Independent and combined associations of abdominal obesity and seated resting heart rate with type 2 diabetes among older Chinese: the Guangzhou Biobank Cohort Study
Article first published online: 2 MAR 2011
Copyright © 2011 John Wiley & Sons, Ltd.
Diabetes/Metabolism Research and Reviews
Volume 27, Issue 3, pages 298–306, March 2011
How to Cite
ó Hartaigh, B., Jiang, C. Q., Bosch, J. A., Zhang, W. S., Cheng, K. K., Lam, T. H. and Thomas, G. N. (2011), Independent and combined associations of abdominal obesity and seated resting heart rate with type 2 diabetes among older Chinese: the Guangzhou Biobank Cohort Study. Diabetes Metab. Res. Rev., 27: 298–306. doi: 10.1002/dmrr.1178
- Issue published online: 2 MAR 2011
- Article first published online: 2 MAR 2011
- Accepted manuscript online: 25 JAN 2011 04:23AM EST
- Manuscript Accepted: 5 JAN 2011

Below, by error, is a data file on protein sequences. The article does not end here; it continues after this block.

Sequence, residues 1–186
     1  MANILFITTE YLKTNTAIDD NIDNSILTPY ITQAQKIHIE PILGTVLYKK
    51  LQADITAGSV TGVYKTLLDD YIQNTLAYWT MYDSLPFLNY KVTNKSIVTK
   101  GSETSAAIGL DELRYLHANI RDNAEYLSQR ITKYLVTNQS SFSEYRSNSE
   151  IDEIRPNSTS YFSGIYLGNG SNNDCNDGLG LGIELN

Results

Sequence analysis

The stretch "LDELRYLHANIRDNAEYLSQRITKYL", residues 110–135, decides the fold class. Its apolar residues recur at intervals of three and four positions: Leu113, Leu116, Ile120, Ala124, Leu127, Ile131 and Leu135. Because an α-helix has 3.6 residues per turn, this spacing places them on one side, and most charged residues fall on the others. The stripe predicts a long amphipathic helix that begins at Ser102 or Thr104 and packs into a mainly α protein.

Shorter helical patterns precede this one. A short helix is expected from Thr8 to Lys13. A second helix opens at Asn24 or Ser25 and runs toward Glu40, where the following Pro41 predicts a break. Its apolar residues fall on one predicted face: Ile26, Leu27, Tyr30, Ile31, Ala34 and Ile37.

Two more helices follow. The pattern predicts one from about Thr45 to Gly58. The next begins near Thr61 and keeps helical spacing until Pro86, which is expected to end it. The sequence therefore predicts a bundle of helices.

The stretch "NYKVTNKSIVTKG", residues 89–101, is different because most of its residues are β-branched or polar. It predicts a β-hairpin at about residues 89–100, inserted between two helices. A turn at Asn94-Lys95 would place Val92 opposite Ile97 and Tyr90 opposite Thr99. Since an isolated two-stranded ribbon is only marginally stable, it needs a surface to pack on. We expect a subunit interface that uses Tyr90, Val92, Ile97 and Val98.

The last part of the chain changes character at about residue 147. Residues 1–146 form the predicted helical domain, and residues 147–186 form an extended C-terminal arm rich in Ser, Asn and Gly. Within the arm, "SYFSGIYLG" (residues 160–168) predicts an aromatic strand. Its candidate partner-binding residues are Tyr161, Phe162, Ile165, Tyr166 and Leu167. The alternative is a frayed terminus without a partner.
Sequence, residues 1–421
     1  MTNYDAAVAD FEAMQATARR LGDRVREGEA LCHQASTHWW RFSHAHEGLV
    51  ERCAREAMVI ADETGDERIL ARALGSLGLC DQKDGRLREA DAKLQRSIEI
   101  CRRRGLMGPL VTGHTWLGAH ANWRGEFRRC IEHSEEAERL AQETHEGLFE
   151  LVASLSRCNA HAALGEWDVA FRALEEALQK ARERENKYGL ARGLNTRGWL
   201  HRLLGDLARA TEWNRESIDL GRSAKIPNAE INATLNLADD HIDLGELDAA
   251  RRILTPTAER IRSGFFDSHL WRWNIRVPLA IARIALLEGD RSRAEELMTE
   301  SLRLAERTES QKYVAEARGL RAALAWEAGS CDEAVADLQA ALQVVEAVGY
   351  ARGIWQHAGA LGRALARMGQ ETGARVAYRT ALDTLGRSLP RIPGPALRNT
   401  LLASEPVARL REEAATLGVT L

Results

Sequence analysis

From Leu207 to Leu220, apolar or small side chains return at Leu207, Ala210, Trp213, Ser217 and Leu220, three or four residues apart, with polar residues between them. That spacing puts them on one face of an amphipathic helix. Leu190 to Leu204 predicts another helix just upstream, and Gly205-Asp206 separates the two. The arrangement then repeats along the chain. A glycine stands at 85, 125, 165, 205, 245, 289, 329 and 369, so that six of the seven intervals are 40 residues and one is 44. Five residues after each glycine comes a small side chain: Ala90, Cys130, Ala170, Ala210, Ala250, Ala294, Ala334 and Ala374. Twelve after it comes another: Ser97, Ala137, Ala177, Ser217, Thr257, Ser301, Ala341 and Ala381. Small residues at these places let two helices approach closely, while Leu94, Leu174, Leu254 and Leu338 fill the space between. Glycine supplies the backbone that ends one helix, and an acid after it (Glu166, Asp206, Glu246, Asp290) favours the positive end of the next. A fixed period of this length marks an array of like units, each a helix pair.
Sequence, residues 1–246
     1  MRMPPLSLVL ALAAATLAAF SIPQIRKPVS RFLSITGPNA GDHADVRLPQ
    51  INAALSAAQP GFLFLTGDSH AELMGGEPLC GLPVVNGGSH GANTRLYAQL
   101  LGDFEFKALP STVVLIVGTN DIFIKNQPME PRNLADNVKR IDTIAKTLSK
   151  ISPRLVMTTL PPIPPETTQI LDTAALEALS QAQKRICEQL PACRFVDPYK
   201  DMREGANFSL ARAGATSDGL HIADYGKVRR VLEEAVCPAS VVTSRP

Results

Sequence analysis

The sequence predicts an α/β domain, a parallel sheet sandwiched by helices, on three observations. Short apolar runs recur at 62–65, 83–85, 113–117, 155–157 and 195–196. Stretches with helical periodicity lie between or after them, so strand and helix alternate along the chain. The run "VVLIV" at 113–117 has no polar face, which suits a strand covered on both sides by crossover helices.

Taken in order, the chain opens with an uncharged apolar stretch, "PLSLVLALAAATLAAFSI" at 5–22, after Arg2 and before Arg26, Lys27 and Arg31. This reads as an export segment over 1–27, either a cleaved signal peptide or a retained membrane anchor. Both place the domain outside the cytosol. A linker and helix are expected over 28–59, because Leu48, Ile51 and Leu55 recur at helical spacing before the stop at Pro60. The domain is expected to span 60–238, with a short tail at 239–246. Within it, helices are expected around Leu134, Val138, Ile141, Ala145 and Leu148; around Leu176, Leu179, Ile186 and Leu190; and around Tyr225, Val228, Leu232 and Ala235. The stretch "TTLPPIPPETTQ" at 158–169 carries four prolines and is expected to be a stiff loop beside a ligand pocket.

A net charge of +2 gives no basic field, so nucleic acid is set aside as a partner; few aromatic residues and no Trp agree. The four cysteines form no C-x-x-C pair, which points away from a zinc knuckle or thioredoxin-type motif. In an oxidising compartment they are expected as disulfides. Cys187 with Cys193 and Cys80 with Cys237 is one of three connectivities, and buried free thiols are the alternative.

- Manuscript Revised: 10 DEC 2010
- Manuscript Received: 6 SEP 2010
- type 2 diabetes;
- abdominal obesity;
- heart rate;
Central obesity and poor physical fitness predict the development of type 2 diabetes and cardiovascular mortality among Caucasian populations. We studied the independent and combined effect of abdominal obesity and seated resting heart rate used as an indicator of physical fitness, on the presence of type 2 diabetes among 30 519 older residents of Guangzhou, Southern China.
Participants were stratified into four groups, based on the Asian criteria for abdominal obesity (≥90/≥ 80 cm in men/women) and the 75% cut-off point for seated resting heart rate (≥83 beats per min). The association with type 2 diabetes was assessed using multivariable logistic regression.
A total of 3777 (12.7%) volunteers were diagnosed with type 2 diabetes, which was independently associated with seated resting heart rate and, in particular, increasing levels of abdominal obesity (p < 0.001). An odds ratio of 3.93 (95% confidence interval = 3.48–4.43) was identified for type 2 diabetes in participants who were obese with a seated resting heart rate ≥ 83 beats per min after adjusting for potential confounders.
Higher seated resting heart rate, a marker of poor physical fitness, independently doubles the risk of type 2 diabetes. The strength of this association is further increased when abdominal obesity is considered. Copyright © 2011 John Wiley & Sons, Ltd.